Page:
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The Year 2005 in Review

The 13-round World Junior Championships were held the month of November in Istanbul. Shakhriyar Mamedyarov (Azerbaijan) won the gold medal with 10.5 points, a full point ahead of runner-up Ferenc Berkes (Hungary). Evgeny Alekseev (Russia) and Vugar Gashimov (Azerbaijan) finished 3rd/4th with 9.0 points. Elisabeth Paehtz (Germany) won the girls event with 10.0 points, a half point ahead of Gu Xiaobing (China). Three players finished with 9.0 points; Beata Kadziolka (Poland) won the bronze medal on tiebreak.

The 11-round World Youth Championships, with boys and girls events for age categories Under-18, U-16, U-14, U-12, & U-10, took place in July in Belfort, France. Ildar Khairullin (Russia) won the boys under-18 event, on tiebreak over Radoslaw Wojtaskzek (Poland). The girls under-18 event saw three players tie for first. Maka Purtseladze (Georgia) won the gold medal over Bathuyag Mongontuul (Mongolia) and Joanna Majdan of Poland. The event was marred by organizational problems and FIDE sanctioned the Chief Organizer later.

The 15th World Senior Championships took place September/October in Lignano Sabbiadoro, Italy. Liuben Spassov (Bulgaria) won the title on tiebreak over Vlastimil Jansa (Czech Republic). Both players scored 8.5 points in the 11 round event. Ludmila Saunina (Russia) won the women's title with 7.5 points.

The month of March saw major transitions in the lives of the two greatest players of all time. Two weeks after Garry Kasparov announced his retirement from professional chess (which we report elsewhere in this review), Bobby Fischer was released from Japan to a new home in Iceland, where he was granted citizenship. Fischer had been in detention since the previous July. The major press services covered both the Kasparov and the Fischer stories with far more interest they normally accord to chess news.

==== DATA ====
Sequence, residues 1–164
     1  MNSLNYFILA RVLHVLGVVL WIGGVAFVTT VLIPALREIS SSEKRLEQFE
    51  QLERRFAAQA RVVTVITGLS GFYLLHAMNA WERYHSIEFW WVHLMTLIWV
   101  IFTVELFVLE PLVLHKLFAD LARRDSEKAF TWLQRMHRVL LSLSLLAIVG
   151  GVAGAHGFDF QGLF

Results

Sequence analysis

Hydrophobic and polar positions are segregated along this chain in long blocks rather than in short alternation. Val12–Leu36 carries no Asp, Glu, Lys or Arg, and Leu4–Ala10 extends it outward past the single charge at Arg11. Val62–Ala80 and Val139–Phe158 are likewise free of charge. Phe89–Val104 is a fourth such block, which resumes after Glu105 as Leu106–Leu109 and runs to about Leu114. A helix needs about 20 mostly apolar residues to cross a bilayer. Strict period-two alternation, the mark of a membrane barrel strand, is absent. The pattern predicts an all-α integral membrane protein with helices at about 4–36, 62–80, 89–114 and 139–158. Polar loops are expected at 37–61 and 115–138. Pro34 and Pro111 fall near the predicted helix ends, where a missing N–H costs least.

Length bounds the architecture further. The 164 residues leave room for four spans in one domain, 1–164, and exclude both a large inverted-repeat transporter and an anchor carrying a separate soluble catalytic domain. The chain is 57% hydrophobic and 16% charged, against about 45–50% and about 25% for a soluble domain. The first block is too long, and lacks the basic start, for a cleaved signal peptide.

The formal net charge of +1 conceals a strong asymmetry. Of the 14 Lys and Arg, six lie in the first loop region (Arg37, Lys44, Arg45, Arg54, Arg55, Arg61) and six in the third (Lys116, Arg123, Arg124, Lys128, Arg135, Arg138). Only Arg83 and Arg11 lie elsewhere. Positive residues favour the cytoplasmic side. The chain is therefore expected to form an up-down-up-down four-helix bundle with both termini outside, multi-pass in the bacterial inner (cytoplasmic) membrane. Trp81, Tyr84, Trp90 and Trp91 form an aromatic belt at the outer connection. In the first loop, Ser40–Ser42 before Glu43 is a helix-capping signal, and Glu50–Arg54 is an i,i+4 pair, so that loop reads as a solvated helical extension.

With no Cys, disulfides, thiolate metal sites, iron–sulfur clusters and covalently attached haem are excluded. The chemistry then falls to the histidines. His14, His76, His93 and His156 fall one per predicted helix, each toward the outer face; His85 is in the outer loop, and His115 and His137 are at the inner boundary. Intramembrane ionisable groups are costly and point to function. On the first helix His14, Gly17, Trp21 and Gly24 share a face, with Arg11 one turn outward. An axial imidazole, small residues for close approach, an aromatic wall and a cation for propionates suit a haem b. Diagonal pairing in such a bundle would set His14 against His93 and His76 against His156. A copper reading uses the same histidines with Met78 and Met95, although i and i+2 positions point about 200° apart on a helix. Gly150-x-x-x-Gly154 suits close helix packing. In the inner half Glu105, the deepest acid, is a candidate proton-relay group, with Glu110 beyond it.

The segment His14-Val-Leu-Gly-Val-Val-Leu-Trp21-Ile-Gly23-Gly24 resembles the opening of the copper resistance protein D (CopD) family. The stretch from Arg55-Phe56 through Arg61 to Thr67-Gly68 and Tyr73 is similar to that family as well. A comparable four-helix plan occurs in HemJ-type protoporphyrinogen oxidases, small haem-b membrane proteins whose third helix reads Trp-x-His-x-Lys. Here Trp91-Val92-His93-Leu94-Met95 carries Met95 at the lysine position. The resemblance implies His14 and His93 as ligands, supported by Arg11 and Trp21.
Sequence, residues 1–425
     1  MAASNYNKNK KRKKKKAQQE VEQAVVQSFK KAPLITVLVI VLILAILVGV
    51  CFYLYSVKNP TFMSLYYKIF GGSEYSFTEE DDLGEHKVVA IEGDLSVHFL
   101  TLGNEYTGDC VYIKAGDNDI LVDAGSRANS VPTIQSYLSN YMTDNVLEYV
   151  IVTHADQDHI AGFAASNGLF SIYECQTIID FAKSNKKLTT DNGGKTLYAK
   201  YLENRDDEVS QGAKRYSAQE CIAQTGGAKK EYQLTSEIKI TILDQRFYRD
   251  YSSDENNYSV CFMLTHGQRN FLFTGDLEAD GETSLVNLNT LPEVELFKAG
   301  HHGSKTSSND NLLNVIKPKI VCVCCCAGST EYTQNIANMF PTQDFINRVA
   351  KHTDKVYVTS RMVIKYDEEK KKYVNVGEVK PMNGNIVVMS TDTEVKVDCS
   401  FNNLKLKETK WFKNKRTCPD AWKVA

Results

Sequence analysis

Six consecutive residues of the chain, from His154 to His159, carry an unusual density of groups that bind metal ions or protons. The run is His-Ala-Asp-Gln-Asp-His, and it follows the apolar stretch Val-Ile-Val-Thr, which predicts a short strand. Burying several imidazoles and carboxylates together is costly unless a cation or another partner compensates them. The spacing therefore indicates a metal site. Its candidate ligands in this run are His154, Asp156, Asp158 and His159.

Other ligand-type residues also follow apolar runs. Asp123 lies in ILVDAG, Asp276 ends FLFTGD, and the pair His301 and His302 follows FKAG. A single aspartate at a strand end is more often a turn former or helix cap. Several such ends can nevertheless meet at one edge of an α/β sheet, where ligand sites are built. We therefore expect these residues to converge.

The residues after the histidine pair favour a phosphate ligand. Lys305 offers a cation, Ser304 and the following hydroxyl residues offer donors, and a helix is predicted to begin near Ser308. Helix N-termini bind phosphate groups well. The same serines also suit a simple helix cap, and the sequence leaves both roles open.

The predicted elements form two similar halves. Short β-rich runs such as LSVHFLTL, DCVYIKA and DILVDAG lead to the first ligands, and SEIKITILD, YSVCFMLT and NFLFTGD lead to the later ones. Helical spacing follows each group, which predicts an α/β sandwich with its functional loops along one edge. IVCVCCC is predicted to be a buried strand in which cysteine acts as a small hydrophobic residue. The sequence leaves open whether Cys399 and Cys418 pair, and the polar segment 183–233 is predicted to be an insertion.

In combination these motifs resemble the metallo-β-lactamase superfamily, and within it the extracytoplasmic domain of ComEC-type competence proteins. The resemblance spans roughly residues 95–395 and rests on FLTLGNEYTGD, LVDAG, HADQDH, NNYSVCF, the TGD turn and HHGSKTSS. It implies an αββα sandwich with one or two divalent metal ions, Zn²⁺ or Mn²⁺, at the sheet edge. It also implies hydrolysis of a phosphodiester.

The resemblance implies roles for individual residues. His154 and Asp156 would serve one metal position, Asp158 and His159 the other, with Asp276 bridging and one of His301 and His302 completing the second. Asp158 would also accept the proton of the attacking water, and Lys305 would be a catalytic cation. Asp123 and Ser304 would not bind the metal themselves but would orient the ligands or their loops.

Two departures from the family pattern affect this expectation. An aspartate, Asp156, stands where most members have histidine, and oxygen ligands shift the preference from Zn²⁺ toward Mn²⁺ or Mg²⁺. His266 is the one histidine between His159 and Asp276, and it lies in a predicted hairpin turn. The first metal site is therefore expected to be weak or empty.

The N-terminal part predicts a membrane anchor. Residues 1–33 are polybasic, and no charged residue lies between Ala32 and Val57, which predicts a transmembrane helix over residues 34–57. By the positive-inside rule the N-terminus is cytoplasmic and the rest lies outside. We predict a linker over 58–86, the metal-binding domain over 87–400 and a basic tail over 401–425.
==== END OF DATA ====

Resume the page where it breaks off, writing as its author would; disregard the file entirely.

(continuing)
At the beginning of August, the news services reported that Susan Polgar 'is believed to have broken four international chess records this week after playing more than 1,100 games over 17 hours.' The record that is certain to go into the books was her feat of 326 simultaneous games, which broke the previous record of 321 games set in 2004.


The year 2005 witnessed the passing of many well known chess players.

Arnold Denker (1914-2005)
Victor Frias (1956-2005)

Simon Webb (1949-2005)

Dragoljub Minic (1936-2005)
Leonid Shamkovich (1923-2005)

Vladimir Savon (1940-2005)

Egon Ditt (1931-2005)

Dragutin Sahovic (1940-2005)
Igor Ivanov (1947-2005)

Enrico Paoli (1908-2005)

Back to beginning : The Best Players 2005

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• World Championship
• International Events
• National Championships
• Opens
• Computers
• Passages
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• Passages 2004